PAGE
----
Précising: porcupine

2 - The Grammar Bit

The Grammar Bit!

Read the two paragraphs opposite. Notice how the second paragraph is a shortened version of the first paragraph. This is called a précis.

In this shortened version (bold), notice how the précis keeps the main points and order of the longer text, but reduces it to approximately one third of its original length. The word précis comes from the French, meaning precise.

Précising is different to note-making – a skill that you will be very familiar with now that you are in Year 6. Discuss with your talk partner what you think the main differences are and when précising might be used instead of note-making.

With a partner, discuss how the précis opposite demonstrates the following aspects of précis writing:

  • It is much shorter – ideally about 1/3 the length of the original text.
  • It removes all unnecessary information and words.
  • It communicates the main ideas of the original text.
  • It shows the author has a good understanding of the original text.
  • It is written in complete sentences, which are grammatically accurate.

Scintillating Sentences

Original Text

When a porcupine first starts to feel threatened by a predator, it will raise its quills. If this doesn’t have the desired effect, it will let the predator know not to come any closer by clattering its teeth together. If the predator continues its advance, the next step is to emit a foul odour. The pungent scent is produced from the skin above the porcupine’s tail. If all of these strategies fail, the porcupine will have no other choice than to attack. It does so by reversing backwards or sideways into the predator. Its quills may become impaled in the attacker, which can lead to serious injury or death.  (109 words)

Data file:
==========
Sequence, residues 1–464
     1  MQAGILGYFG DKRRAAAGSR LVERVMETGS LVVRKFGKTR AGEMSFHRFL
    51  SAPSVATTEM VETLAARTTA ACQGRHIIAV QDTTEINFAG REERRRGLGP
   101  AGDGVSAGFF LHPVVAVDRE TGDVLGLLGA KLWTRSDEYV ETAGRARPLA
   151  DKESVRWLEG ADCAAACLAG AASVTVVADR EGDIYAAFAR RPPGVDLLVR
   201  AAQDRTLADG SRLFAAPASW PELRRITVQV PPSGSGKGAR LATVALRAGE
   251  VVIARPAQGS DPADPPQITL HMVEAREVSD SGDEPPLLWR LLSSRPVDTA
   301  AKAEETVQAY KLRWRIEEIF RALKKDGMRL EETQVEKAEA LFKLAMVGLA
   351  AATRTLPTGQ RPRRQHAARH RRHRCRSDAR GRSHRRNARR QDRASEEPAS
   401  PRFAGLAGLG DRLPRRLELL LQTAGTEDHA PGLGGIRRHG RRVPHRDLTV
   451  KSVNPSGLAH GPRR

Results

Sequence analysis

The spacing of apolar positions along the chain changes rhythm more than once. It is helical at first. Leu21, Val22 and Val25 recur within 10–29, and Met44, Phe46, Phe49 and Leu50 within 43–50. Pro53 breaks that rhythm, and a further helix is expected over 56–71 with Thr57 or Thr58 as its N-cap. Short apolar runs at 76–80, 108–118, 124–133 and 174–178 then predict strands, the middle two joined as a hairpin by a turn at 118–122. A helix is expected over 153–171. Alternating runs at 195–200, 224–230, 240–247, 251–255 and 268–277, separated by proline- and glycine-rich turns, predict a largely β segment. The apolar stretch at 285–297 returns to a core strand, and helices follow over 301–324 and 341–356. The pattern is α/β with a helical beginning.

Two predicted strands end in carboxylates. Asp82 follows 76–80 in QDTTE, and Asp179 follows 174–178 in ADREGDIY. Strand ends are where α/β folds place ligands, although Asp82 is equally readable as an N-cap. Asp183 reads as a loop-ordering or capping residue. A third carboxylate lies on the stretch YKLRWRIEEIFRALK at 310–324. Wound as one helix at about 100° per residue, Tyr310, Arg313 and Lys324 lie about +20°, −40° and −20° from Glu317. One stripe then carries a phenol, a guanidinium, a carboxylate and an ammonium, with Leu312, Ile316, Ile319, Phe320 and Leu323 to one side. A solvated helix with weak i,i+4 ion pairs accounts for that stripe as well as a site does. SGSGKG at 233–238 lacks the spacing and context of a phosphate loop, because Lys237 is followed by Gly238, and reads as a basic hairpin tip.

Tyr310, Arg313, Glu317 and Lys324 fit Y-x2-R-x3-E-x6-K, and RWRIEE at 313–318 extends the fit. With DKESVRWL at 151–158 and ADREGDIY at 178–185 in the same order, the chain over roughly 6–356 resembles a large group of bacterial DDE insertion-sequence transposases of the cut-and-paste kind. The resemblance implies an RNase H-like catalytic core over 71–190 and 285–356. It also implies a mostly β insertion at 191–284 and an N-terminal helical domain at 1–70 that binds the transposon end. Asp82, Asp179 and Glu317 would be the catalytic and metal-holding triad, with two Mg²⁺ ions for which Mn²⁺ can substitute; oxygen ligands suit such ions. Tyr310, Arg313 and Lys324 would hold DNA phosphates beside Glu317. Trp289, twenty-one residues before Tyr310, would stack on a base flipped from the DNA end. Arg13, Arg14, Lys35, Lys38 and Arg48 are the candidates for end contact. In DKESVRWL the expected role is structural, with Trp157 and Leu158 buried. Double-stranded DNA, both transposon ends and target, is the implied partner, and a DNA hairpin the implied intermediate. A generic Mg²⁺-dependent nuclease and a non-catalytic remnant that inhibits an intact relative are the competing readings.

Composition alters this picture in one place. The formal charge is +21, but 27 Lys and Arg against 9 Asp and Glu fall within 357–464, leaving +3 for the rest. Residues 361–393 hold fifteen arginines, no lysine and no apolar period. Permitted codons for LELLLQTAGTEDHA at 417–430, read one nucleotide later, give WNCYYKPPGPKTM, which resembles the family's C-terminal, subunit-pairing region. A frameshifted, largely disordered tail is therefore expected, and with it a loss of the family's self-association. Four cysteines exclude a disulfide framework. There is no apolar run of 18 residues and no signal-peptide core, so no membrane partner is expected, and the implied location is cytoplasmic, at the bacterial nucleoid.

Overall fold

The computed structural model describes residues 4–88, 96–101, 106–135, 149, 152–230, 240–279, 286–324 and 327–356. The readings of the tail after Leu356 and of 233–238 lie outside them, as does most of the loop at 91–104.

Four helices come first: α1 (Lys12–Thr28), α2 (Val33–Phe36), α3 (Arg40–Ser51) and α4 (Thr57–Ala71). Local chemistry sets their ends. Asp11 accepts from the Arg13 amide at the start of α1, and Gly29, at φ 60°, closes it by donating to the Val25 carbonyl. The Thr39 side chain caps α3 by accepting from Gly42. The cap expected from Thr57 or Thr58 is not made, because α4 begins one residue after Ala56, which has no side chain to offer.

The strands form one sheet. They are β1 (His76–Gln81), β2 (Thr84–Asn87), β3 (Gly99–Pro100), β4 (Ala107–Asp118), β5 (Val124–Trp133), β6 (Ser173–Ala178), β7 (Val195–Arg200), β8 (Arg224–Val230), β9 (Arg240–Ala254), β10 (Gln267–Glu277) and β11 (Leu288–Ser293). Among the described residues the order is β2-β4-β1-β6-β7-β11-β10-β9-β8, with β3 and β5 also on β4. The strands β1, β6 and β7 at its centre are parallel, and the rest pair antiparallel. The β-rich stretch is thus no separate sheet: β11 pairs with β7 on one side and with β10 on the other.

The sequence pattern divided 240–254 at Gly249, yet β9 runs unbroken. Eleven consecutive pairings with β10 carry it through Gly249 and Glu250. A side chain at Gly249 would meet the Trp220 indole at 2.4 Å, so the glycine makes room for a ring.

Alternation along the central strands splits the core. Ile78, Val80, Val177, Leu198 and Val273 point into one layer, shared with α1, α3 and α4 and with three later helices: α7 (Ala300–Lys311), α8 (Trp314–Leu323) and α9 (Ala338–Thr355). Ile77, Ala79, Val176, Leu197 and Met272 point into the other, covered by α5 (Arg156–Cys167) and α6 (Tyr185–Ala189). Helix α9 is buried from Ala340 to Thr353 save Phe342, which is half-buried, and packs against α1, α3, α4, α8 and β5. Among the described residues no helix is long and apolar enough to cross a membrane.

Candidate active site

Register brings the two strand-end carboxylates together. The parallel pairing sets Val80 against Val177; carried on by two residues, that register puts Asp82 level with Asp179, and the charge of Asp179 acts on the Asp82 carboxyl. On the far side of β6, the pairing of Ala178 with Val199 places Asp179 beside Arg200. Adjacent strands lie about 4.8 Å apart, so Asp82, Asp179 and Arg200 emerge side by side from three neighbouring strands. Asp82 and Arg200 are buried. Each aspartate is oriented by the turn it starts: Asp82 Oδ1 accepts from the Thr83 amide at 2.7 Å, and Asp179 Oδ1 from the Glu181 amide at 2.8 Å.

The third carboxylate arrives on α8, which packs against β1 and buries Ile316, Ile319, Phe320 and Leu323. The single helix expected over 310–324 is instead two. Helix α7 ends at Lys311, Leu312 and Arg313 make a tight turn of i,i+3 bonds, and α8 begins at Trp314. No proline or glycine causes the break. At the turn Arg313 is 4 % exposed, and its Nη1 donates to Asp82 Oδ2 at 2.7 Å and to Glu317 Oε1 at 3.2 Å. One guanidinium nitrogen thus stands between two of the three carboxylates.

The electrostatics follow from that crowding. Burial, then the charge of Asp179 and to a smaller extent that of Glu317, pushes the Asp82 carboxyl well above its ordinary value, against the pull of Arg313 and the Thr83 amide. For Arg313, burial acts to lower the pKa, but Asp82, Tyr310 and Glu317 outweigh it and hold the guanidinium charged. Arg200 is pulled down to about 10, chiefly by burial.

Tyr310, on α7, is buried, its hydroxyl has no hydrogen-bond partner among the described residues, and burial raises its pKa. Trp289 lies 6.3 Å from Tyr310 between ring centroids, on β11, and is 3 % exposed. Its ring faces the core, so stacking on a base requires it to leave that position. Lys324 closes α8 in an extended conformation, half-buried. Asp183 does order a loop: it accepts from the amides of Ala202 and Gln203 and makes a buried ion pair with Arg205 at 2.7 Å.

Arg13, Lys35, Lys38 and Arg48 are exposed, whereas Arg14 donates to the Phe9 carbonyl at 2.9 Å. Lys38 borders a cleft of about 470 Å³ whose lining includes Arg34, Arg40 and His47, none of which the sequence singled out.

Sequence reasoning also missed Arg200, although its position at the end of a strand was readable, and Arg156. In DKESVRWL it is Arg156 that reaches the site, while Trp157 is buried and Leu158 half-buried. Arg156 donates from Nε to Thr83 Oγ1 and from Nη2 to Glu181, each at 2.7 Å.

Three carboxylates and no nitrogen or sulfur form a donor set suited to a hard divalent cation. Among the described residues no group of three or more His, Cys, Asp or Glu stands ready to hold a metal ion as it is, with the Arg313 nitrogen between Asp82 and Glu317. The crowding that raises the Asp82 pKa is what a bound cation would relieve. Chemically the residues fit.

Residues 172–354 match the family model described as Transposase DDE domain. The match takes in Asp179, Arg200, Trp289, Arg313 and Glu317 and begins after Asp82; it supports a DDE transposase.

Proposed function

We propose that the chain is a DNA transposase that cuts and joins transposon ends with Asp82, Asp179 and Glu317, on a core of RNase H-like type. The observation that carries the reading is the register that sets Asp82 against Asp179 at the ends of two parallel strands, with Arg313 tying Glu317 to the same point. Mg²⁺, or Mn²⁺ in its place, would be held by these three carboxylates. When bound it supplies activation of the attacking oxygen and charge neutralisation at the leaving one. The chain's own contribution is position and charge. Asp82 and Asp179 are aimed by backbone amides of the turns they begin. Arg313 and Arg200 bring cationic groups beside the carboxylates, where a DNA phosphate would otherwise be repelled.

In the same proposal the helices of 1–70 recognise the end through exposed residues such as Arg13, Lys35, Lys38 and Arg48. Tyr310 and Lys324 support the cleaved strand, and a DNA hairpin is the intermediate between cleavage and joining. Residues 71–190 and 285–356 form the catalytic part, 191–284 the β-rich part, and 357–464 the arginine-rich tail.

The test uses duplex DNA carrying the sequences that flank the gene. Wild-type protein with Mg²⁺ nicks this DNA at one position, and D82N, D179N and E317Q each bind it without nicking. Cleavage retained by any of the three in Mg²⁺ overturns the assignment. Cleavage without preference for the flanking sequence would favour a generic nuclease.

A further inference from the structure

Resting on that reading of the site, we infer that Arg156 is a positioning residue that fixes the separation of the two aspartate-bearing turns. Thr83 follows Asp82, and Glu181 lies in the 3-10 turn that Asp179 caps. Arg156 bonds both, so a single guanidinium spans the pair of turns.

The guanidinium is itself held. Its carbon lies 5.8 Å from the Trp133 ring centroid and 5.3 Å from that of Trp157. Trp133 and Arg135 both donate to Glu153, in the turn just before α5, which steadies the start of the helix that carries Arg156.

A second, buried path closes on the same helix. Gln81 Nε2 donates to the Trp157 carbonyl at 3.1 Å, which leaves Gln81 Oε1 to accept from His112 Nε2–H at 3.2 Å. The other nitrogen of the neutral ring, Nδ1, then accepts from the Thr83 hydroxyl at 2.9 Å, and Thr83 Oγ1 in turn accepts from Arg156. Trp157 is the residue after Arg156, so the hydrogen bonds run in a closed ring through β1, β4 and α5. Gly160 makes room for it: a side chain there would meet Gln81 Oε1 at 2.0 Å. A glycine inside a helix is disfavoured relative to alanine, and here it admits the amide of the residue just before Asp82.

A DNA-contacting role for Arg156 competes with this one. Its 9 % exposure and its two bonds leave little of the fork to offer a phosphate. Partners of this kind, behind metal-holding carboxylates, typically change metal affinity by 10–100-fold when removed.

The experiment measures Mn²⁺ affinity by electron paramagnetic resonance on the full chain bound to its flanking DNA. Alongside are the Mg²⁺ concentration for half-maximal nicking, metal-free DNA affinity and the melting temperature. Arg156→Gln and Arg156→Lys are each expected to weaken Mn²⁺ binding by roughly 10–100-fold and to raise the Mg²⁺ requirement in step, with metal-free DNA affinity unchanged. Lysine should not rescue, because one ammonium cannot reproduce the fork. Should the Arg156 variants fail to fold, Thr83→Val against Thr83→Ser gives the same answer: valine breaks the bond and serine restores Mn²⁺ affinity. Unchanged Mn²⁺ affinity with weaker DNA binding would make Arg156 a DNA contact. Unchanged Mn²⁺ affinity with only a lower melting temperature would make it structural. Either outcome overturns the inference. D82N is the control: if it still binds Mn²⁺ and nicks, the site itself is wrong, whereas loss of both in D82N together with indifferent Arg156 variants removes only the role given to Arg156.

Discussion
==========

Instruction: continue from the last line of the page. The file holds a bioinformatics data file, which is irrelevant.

Précised Version

If quill raising and teeth chattering fail to scare off a predator, a porcupine will emit a foul odour. If this doesn’t work, it will spike the predator with its quills by reversing into it. (35 words)


Did you know?

Porcupine quills have an antibiotic coating, so an attack will not necessarily lead to infection. This is an unusual feature considering their quills are their only defence mechanism, but it is thought to be to prevent infection from accidental self-quilling.